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Sherwood is a city in Washington County, Oregon, United States. Located in the southeast corner of the county, it is a residential community in the Tualatin Valley, southwest of Portland. As of the 2010 census, Sherwood had a population of 18,194 residents. The city's population for 2014 was estimated to be 18,978 by the U.S. Census. Sherwood was first incorporated in 1893 as a town. Originally named Smockville after its founder, James Christopher Smock, the town was given its current name by local businessman Robert Alexander in 1891, who likely named it after his hometown of Sherwood, Michigan.
What is now the Sherwood area was originally inhabited by the Atfalati band of the Kalapuya nation. Native Americans were relocated to reservations after the Donation Land Claim Act of 1850–55 gave American citizens exclusive ownership of these lands. The relocation process took place under the guidance of a series of federal employees, most notably Superintendent of Indian Affairs Joel Palmer, who was removed from office after being criticized for being too lenient with Indian policy.
The California Gold Rush of 1849 caused a dramatic shift in the area's economy. Oregon City, Oregon is along a stretch of the Willamette River that had always been attractive to trade since prehistoric times, when trading activity was dominated by the Chinookan tribe. When settlers of European extraction began arriving in large numbers, Oregon City became (arguably) the "End of the Oregon Trail". After the Gold Rush, however, Portland, Oregon, replaced Oregon City as the area's most important center of trade and commerce. Sherwood is within 20 miles (32 km) of both cities.
The name "Sherwood" arose from a declination of naming the town "Smock Ville" after its co-founders James Christopher and Mary Ellen Smock. In 1885, the Smocks gave a right-of-way on their property to the Portland and Willamette Valley Railway. The Smocks platted the town in 1889, the same year rail service began. Tradition has it that no one, not even the town's founders, liked the name "Smock Ville," and so a public meeting was held to rename the town. Robert Alexander, who was both a local resident and prominent businessman, suggested the name "Sherwood." According to post office records, Alexander was from Sherwood, Michigan, and also said the forest which surrounded the city was like Sherwood Forest in England. The U.S. Postal Department began sending mail to the Town of Sherwood, Oregon on July 5, 1891. Smock was the first postmaster. The Town of Sherwood was incorporated under Oregon Senate Bill 36 in 1893.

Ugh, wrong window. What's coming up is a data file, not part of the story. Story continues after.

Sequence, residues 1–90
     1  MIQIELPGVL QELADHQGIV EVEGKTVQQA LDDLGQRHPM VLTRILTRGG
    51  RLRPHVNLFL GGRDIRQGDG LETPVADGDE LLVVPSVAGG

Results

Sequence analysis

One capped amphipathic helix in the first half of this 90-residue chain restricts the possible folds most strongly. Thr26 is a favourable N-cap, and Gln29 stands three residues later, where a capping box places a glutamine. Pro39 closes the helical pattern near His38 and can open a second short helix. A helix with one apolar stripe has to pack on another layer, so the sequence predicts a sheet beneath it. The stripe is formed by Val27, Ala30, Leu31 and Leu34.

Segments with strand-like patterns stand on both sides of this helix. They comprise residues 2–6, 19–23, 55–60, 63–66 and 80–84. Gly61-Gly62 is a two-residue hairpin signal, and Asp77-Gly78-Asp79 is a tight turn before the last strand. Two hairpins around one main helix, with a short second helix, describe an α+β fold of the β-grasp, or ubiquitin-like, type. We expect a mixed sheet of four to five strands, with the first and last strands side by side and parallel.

The main industry in the 1890s was a pressed brick yard which closed in 1896, a victim of the deep recession of 1893. The Klondike Gold Rush of 1897 revived Sherwood's economy. In 2013, Money ranked Sherwood fifth among the top fifty best places to live in the United States. In August 2009, Family Circle named the city one of America's most "family friendly" small towns.
The population of the city in 1911 was 350 within a 1-square-mile (2.6 km2) city limit. The city has since expanded to nearly 4.5 square miles (12 km2).
According to the United States Census Bureau, the city has a total area of 4.31 square miles (11.16 km2), all land.
As of the census of 2010, there were 18,194 people, 6,316 households, and 4,857 families residing in the city. The population density was 4,221.3 inhabitants per square mile (1,629.9/km2). There were 6,569 housing units at an average density of 1,524.1 per square mile (588.5/km2). The racial makeup of the city was 88.5% White, 0.8% African American, 0.5% Native American, 3.5% Asian, 0.3% Pacific Islander, 2.7% from other races, and 3.7% from two or more races. Hispanic or Latino of any race were 7.0% of the population.
There were 6,316 households of which 49.6% had children under the age of 18 living with them, 63.5% were married couples living together, 9.7% had a female householder with no husband present, 3.6% had a male householder with no wife present, and 23.1% were non-families. 19.0% of all households were made up of individuals and 6.7% had someone living alone who was 65 years of age or older. The average household size was 2.88 and the average family size was 3.31.